Ifemelu is a really strong character, sort of everywoman, who doesn’t make odd or unpalatable choices (Obinze is harder to understand – quieter, and somehow the thoughts of his which are set on paper are less developed that Ifem’s?). We understand her ambition, her shame, her determination to put the world to rights. The secondary characters were much weaker in my eyes – Obinze’s wife, Ifem’s long-term boyfriends, both of their parents and uni friends all seemed more like caricatures. But this is worth reading just for Ifem and Obinze.

I don’t have the historical or cultural awareness to really get the Nigerian setting, but it’s written in an approachable style for a Western audience. Certainly the sections in the US and UK are well-researched and as a London resident I found the portion when Obinze was working as an illegal immigrant in London really interesting – it’s so totally different to my understanding of “documented” life in London.

All I can really say about this one is – read it, and get through the 100 pages. It’s worth it on the other side.
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LibraryThing member Christina_E_Mitchell
I had been putting of my review of this book for a couple of days. I honestly did not know how to approach the review without taking focus off the book's central point, which brings forward a discussion about race and what race means. I believe I can start this review with applause for a masterful work of fiction that effectively begins a deeper conversation about race not yet seen in American literature. Being Black is not a homogenous feature. Being African-American is different from being Nigerian. The centralizing argument presented by the protagonist, Ifem, is that she had never experienced race in Nigeria, that race is an American minefield wrought with subtleties difficult to understand. Ifem is positioned as the "Other" of the "Other" providing a depth of insight and a bringing forth of questions that Americans seem to refuse to discuss. Bravo!

Now, comes my difficulty with the book. I had extreme difficulty with the privileging of the male that is loudly whispered throughout the book. I think I need to explain my difficulty is shaped by an experience I had while reading Adichie's masterpiece on a flight.

I had started the book a few weeks back and chose to take the book with me on an overnight trip to Seattle to attend my Son-In-Law's Naval pinning ceremony announcing his arrival as Chief Petty Officer. It was a quick trip. I was leaving in the afternoon, staying the night, attending the ceremony the following morning, and flying home that same evening. When I boarded my departing Southwest flight, I was lucky enough to draw seating with the first boarding group and settled into my favored window seat with Adichie's book. At one point I looked up, saw the stream of passengers boarding, caught the eye of a male, I smiled, and he took that as an invitation to join me in my row. So far, so good. Problems began with the fact the male had been drinking (he smelled), continuing when he proceeded to pick up on me, repeatedly, persistently, and creepily. Throughout the flight I was extremely uncomfortable. I tried to be polite so as not to be disruptive but ignore him as much as possible concentrating on Adichie's book. I did not share my name with the male. I did share I was going to Seattle and why in preliminary chit-chat I soon regretted. This male was also heading to Seattle. When the plane landed after the first leg of the journey, I let him leave ahead of me hoping to create distance. I then proceeded to get near my next gate planning to grab an adult beverage while I waited for the next flight to board (I needed it). I saw the drunk male at the gate, thought, "Fuck!," and scurried into the nearest bar to stay far away from him. The drunk male spotted me and proceeded to come into the bar and sit next to me. Here, I share a synopsis I posted on Facebook:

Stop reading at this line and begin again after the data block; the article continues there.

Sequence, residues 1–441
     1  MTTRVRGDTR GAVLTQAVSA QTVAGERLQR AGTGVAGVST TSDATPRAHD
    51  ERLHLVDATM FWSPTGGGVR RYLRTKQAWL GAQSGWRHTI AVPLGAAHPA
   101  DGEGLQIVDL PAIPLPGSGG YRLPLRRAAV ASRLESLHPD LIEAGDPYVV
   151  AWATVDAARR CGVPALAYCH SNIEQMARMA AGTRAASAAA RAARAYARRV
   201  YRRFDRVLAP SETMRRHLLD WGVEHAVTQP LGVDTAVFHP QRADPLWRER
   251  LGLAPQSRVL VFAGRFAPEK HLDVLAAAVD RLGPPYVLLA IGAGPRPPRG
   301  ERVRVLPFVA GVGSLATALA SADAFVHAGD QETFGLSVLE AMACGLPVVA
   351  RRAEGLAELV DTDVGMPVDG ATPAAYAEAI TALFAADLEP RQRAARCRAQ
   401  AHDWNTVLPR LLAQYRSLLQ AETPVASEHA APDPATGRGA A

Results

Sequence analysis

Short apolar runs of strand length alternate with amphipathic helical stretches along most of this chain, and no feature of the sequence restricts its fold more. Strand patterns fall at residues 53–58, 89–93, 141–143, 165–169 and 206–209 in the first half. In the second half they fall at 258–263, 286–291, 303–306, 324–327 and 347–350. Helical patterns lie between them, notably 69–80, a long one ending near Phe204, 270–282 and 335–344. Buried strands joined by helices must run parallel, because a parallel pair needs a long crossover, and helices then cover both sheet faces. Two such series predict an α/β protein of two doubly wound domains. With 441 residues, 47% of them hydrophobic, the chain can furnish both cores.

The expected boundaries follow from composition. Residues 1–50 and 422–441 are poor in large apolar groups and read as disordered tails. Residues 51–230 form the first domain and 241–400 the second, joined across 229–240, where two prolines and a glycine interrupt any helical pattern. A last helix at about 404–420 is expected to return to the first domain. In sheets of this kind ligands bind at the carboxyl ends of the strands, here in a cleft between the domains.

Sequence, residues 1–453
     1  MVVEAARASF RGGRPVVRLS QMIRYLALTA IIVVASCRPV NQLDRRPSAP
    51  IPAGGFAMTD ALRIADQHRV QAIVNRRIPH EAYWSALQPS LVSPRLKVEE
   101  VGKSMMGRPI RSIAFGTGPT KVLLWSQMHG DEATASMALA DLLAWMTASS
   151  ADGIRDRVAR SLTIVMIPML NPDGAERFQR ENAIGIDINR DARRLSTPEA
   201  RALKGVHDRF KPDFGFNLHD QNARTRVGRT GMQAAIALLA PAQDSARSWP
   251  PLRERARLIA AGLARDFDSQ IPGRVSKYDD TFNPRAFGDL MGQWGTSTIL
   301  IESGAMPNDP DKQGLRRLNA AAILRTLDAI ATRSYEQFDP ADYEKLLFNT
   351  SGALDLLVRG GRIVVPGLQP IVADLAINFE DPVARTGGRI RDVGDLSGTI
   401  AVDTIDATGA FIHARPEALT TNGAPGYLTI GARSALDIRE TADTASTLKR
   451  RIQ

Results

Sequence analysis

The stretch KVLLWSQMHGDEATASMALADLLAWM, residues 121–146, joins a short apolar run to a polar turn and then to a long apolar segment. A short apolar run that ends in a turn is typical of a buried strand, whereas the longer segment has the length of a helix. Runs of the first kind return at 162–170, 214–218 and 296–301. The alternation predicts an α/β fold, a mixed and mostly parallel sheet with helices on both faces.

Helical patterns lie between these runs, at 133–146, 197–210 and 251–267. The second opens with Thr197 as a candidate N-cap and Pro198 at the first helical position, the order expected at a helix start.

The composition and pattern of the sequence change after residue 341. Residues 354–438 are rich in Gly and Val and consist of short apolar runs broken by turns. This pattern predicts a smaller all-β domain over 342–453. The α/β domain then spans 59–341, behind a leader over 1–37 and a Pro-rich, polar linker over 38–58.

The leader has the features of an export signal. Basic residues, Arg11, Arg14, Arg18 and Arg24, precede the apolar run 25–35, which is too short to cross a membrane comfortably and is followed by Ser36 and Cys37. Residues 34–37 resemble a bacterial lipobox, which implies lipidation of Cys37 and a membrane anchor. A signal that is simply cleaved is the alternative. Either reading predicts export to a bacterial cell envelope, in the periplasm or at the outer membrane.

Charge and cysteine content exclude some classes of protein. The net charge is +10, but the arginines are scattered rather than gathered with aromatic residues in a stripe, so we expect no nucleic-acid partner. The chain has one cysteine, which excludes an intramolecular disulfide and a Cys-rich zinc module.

Bartender: What can I get you two.
Creep: [Turns to me] I'd like to get this woman whatever she wants.
Me: No.
Creep: It's no problem. I'd like to buy you a drink.
Me: No. [In turn to Bartender and passing him my debit card] I'll take a marzdan.
[Creep orders what he wants. I go back to reading my book.]
Creep: [To Bartender] Is there a restroom around here?
Bartender: Just around the corner.
[Creep leaves, but leaves his bag like I will watch it.]
Bartender: [To me] Interesting guy. Are you two friends?
Me: No.
Bartender: Do you know him?
Me: No. He sat next to me on the plane, tried to pick me up, we are on the next flight together, and he followed me in here. I apologize, but I'm afraid I'm going to have to get quite rude in a moment.